How the Industry Controls Media Policy in Argentina

April 28, 2022

In Argentina, freedom of expression is officially guaranteed by the Constitution and the government has the upper hand in media regulation. Yet, it is the largest media groups in the country that exert real influence in the policy process, according to a new report published today by CMDS.

For decades, the media businesses in Argentina didn’t have any notable conflicts with the authorities, a result of a history of collusion between media owners and the political power, according to a new report focused on the relations between policymakers, regulators and the media in Argentina released today by the Center for Media, Data & Society (CMDS).

“There has been a tacit pact, in which the media were not significantly critical in exchange for the non-interference of political power in the development of their markets,” according to the report, which was authored by Guillermo Néstor Mastrini, Carla Belén Repetto and Martín Razzeto.

However, the period 2008-2015 was marked by a strong confrontation between the government of Cristina Fernández de Kirchner and Grupo Clarín. The enactment of the Audiovisual Communication Services Law passed in 2009 stands out as an attempt to mitigate the concentration of media ownership and encourage non-commercial media.

The 2009 law contrasted with historical trends in communication policies where media companies in general managed to promote policies and laws aimed at the deregulation of media ownership. Their lobbying is usually successful. “Companies are always listened to by governments,” states the report.

In spite of its power, the media industry in Argentina doesn’t represent a homogenous group of interests. On the one hand, there is a group of powerful multimedia groups based in the city of Buenos Aires (Clarín, La Nación, América). On the other hand, the country has a sector of medium and small media that are based in the rest of the country.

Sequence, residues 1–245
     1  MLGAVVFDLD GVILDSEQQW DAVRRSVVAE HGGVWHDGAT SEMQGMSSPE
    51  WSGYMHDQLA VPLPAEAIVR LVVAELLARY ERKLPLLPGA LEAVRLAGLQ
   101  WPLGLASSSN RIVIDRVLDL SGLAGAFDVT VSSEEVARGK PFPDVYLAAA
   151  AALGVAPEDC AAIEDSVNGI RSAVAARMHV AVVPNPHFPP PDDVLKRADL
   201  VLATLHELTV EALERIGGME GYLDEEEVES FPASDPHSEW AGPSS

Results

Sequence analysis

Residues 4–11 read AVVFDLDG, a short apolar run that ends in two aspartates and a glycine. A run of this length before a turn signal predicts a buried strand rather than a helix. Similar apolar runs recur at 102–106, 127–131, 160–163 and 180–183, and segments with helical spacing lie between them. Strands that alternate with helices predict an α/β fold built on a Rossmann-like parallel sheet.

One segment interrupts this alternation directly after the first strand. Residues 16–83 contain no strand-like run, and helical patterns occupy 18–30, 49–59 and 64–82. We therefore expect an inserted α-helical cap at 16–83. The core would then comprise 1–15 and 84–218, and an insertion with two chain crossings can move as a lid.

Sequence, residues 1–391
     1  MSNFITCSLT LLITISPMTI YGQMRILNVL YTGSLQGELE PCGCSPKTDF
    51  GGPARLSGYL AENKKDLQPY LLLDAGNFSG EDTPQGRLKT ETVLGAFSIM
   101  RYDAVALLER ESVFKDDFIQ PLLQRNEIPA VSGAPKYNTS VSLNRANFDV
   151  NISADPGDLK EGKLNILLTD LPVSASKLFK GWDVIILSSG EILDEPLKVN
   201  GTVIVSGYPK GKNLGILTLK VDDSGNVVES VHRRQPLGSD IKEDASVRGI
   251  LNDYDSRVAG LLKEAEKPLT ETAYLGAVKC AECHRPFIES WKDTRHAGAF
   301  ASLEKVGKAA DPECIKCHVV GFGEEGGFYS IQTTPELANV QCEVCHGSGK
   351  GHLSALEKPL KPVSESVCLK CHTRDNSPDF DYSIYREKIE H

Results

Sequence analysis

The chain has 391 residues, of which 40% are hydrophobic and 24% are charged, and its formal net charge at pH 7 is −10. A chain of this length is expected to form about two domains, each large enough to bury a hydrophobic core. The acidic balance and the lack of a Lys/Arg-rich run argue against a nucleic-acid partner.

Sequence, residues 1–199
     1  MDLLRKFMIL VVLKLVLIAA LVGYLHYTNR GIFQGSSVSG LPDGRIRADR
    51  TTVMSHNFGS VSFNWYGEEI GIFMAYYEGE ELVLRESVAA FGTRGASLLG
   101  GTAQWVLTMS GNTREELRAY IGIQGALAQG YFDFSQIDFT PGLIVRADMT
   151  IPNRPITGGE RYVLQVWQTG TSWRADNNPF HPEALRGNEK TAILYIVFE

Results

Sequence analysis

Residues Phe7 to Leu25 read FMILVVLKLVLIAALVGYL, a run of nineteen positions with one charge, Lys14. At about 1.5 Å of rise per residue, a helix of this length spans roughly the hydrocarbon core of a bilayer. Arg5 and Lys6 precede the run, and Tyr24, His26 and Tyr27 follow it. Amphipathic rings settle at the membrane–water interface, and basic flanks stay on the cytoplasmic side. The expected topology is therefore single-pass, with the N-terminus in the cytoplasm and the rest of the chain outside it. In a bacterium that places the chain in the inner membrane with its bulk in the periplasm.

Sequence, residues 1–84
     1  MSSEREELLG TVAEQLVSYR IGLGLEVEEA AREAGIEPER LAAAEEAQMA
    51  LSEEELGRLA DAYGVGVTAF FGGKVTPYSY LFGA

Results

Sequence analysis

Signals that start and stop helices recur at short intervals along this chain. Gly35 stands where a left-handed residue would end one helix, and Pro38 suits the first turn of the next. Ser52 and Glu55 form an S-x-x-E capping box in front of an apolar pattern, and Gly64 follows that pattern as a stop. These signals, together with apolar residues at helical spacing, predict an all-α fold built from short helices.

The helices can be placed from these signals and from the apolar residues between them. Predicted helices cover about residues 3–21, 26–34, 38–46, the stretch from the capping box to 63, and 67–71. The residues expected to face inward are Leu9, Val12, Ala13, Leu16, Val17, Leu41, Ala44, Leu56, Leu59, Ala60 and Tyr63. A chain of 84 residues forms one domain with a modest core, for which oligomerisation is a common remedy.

Issued in cooperation with Observacom, a pan-regional think tank covering Latin America, the University of Santiago de Compostela and the Research Center for Cultural Industries, Communication Policies and Public Space (ICEP) at the National University of Quilmes (UNQ), the report presents the key developments in media legislation and describes the main regulatory mechanisms that affect media and journalism in Argentina. It also offers an analysis of the most influential players in the Argentinian media policy field, with a focus on industry, civil society, political players and external influencers.

The report is part of the Media Influence Matrix, CMDS’ flagship project that, since 2017, has been researching the changing landscape of government and media policy, with a focus on the changes in the policy and regulatory environment; funding, with a focus on the key funding sources of journalism and the impact on editorial coverage; and technology in the public sphere, with a focus on how technology companies, through activities such as automation and algorithm-based content distribution, impact news media and journalism. The report was published today in English, following the publication of a Spanish version launched in February 2022.

The Technology, Public Sphere and Journalism: Jordan report is part of Media Influence Matrix, run by CMDS through a global research and advocacy alliance, the Media and Power Research Consortium, which consists of more than 50 organizations, including academic institutions, advocacy groups, journalist networks and NGOs. The main goal of this project is to investigate the profound impact that rapid shifts in policy, funding and technology are having on journalism today. Each country report consists of three studies, covering politics and policy, journalism funding and technology.